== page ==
Before continuing your journey as a diver, you’ll want to become intimately familiar with terms like BCD (buoyancy control device), SPG (compass and depth gauge) and regulator. Also, you’ll learn how to insert and remove dive weights that will be critical in your next steps.


Get Ready For Pool Work

Beginning your pool work is probably the most exciting first step toward earning your certification. Here, you will be learning to put on and take off your dive gear while also becoming more adept at skills like swimming with fins and buoyancy control. In the pool, you’ll also be introduced to survival skills necessary for unforeseen events underwater — like what to do if you or a buddy runs out of air, how to surface safely and how to clear your mask without surfacing.

Pool work also involves general fitness tests, like being able to swim 200 yards in your fins, mask and snorkel.


Plan Your Open-Water Dives

Open-water dives are the culmination of your dive certification work. This is the reward for long hours spent behind a keyboard and pushing yourself beyond your comfort zone in the confines of a swimming pool.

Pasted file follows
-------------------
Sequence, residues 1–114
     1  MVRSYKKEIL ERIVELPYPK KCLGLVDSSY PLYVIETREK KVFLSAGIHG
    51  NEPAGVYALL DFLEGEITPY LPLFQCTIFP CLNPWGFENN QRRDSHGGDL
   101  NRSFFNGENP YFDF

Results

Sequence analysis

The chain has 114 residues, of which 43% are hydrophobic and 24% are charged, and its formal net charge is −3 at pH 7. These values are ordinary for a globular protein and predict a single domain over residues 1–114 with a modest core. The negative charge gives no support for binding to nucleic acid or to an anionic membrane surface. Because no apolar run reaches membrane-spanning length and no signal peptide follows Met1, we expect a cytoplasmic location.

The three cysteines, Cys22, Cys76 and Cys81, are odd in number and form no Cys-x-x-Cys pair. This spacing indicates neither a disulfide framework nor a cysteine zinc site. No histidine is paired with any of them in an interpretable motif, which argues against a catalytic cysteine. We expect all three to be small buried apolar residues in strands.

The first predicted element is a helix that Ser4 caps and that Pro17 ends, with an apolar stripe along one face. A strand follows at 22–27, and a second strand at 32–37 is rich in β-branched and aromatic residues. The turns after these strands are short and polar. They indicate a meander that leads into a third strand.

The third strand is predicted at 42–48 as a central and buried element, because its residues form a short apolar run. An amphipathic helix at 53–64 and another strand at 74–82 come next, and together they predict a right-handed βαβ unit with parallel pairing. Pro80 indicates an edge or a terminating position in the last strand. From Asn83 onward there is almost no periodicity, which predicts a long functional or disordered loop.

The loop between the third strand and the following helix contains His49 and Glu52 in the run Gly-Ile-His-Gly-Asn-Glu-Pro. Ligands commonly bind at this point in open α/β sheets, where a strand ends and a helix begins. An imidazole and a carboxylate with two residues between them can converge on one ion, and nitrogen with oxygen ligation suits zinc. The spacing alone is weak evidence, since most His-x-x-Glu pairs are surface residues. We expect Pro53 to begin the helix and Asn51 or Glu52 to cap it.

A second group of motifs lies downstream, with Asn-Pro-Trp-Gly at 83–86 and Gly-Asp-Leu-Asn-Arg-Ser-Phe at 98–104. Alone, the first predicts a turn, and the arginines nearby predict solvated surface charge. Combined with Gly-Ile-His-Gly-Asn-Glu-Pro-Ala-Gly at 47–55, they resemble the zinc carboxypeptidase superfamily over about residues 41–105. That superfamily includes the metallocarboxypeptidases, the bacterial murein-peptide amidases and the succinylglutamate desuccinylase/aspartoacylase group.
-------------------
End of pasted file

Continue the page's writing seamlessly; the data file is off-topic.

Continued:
The PADI Open Water certification requires four open-water dives (dives in the open ocean) in order to earn your card. While partaking in these dives, you’ll be tested on the practical application of skills you learned in the pool in the real world. These skills involve navigating underwater without your mask, diving down to 60 feet, surfacing in an emergency and proper entry/exit from the water. Doing the dives does not guarantee you will pass. It’s important to actually demonstrate mastery of these skills to your instructor before you can be given a passing grade on each dive.

Your dive school may be able to arrange your open-water dives for you. This is especially true in coastal areas that offer access to nearby ocean dive sites. In my case, I opted to complete my dive certification on an assignment from the fine folks at Panama Dive School. For two days, we plunged into and out of the warm waters of the Caribbean while I demonstrated the skills I learned at home in Memphis. Afterwards, I became a PADI-certified diver with free reign to dive within my limits around the globe.


Continue Your Certifications

PADI Open Water is just the beginning of your journey as a diver. The certification allows you to rent gear and dive to depths of 60 feet. However, many new divers opt to continue their education and pursue a PADI Advanced Open Water certification. This more advanced certification allows you to dive to deeper depths and use more advanced forms of air and opens up access to new dive opportunities — like some special live-aboard cruises that visit locations only accessible to advanced divers.

PADI also offers courses in skills like underwater photography, navigation, night diving, shipwreck diving and more.